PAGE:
It’s very informative. My only complaint is that the descriptions are too gruesome, but it is hardly the fault of the author for presenting his research. The fault lies with the system that we have all enabled to take over the industry.


“What our babysitter said made sense to me, not only because it seemed true, but because it was the extension to food of everything my parents had taught me. We don’t hurt family members. We don’t hurt friends or strangers. We don’t even hurt upholstered furniture. My not having thought to include animals in that list didn’t make them the exceptions to it.”

“There were things she believed while lying in bed at night, and there were choices made at the breakfast table the next morning.”

“Because there are so many animals, it takes me several minutes before I take in just how many dead ones there are.”

“That’s the business model. How quickly can they be made to grow, how tightly can they be packed, how much or little can they eat, how sick can they get without dying.”

“When we eat factory-farmed meat we live, literally, on tortured flesh. Increasingly, that tortured flesh is becoming our own.”

“Whether we’re talking about fish species, pigs, or some other eaten animal, is such suffering the most important thing in the world? Obviously not. But that’s not the question. Is it more important than sushi, bacon, or chicken nuggets? That’s the question.”

“Not responding is a response- we are equally responsible for what we don’t do. In the case of animal slaughter, to throw your hands in the air is to wrap your fingers around a knife handle.”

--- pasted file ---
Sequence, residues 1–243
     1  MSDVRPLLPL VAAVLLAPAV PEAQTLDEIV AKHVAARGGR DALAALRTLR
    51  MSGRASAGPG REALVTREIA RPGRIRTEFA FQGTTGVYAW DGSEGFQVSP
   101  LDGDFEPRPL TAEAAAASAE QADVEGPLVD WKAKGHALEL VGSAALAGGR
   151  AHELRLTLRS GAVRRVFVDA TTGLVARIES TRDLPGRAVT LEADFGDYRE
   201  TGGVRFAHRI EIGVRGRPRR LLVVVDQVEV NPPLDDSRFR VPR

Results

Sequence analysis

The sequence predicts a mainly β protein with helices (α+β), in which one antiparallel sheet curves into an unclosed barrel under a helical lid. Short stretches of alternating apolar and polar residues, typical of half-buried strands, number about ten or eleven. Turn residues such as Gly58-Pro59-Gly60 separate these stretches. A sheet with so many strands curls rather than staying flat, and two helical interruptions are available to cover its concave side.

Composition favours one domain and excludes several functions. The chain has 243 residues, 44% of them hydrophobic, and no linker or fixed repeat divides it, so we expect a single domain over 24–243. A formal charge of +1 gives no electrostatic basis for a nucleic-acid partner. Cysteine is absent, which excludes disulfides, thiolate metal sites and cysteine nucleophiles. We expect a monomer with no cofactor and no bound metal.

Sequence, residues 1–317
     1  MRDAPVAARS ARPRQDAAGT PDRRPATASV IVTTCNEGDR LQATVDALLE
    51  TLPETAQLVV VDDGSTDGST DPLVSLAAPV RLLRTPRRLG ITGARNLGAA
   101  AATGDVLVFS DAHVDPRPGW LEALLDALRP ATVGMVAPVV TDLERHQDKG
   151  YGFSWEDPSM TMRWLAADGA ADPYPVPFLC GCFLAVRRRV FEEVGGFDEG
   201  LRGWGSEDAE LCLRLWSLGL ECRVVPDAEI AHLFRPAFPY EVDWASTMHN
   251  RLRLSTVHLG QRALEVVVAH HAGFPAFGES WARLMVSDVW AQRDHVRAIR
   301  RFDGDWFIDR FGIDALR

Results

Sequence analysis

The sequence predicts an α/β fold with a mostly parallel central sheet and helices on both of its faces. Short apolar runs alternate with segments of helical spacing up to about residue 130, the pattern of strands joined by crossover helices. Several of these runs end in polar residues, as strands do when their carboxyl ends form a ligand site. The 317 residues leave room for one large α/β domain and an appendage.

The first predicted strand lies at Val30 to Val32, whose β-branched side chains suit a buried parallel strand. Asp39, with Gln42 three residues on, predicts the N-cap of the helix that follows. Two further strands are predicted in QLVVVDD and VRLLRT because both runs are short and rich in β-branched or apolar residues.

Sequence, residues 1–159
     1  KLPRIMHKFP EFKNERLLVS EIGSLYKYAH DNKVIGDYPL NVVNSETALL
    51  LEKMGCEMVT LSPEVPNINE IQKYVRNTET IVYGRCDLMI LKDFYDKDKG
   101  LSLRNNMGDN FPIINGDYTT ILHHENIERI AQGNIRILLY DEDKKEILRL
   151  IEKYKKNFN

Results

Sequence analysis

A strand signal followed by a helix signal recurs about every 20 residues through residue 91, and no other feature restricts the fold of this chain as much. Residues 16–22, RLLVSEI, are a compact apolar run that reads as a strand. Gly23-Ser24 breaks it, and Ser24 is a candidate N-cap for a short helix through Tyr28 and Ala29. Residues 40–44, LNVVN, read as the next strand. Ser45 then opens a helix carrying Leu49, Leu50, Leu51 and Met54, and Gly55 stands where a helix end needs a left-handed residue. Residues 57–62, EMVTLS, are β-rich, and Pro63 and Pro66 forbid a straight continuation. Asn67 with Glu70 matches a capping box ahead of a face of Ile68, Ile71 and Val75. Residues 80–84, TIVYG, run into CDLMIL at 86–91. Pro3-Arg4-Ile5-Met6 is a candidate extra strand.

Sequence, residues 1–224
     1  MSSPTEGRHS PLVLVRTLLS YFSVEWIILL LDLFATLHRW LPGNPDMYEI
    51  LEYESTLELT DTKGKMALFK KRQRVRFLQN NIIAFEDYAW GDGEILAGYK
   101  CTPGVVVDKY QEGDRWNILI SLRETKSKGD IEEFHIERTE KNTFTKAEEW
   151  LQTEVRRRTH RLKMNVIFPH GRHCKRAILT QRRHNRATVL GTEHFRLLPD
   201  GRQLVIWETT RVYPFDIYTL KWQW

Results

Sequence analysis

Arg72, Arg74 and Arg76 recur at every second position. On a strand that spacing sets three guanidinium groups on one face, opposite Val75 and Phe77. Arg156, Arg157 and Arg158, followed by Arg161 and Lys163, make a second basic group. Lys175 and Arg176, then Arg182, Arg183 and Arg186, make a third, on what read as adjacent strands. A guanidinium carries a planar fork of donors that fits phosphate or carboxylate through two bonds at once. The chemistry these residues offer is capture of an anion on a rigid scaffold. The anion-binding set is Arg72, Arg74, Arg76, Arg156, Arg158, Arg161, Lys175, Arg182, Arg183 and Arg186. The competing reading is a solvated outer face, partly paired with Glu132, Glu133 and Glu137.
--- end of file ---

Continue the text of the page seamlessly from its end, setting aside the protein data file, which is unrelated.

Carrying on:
“Compassion is a muscle that gets stronger with use, and the regular exercise of choosing kindness over cruelty would change us.”


I regret reading this book so shortly after reading The Long Run because the plot lines are very similar and I found myself constantly comparing the two, which is not fair. Each book is great and deserves to stand on it’s own.

Shortly after graduating from high school Brian Boyle is in a car accident with a dump truck. He hovers on the precipice of death for months in a chemically induced coma and undergoes multiple surgeries. Basically every organ in his body suffered some type of damage in the accident.

When Brian wakes up he has to relearn how to do everything, and put all of his goals on hold. Through perseverance and family support he goes on to achieve his dreams of being a collegiate swimmer, and an Ironman triathlete.